A display of locks at the John M. Mossman Collection. Photo credit: Sam Meyer
Where in Manhattan would one find a single room filled with 350 different locks in varying shapes and sizes? Last week, Untapped Cities stumbled upon this gem during an exclusive behind-the-scenes tour at the General Society of Mechanics & Tradesmen. Donated by John M. Mossman, the collection sits above the library in the building, showcasing locks that date from 4000 BC to the 20th century, including “A Very Complicated Lock”.
Undisturbed in their glass cases, the preservation of these rare locks–from Chinese padlocks to Roman keys, skeleton keys and many more–reflect the unspoken millions in money and securities that have been protected over the last hundreds and thousands of years. Who knows what secrets and mysteries lay within these banks, vaults and treasure chests? The most ancient artifact in the collection is the Egyptian Lock, or “dabbeh”, which is still used today within the older streets of Cairo. To compliment the collection, a short treatise on locks called The Lure of the Lock was published in 1928. Museum visitors are able to view the book, which accurately catalogues and explains every lock in the collection.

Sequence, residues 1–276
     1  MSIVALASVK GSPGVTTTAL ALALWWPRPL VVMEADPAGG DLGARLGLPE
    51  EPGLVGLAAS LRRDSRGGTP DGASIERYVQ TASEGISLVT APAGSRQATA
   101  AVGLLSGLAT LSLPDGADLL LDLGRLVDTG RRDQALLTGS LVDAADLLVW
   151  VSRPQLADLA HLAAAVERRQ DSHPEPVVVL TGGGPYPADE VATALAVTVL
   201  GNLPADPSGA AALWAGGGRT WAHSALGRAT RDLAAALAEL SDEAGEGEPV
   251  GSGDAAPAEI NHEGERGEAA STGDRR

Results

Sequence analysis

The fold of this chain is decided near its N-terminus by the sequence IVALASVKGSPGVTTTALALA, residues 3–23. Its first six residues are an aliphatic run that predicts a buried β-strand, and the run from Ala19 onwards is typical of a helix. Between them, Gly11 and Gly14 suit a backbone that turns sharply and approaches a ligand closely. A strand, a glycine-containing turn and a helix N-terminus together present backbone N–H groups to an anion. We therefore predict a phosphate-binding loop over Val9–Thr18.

An American time lock. Source: The General Society of Mechanics and Tradesmen.
Even if you aren’t a lock fanatic, the elusive charm and mystery of the collection makes it a worthwhile trip. Admission is $10.
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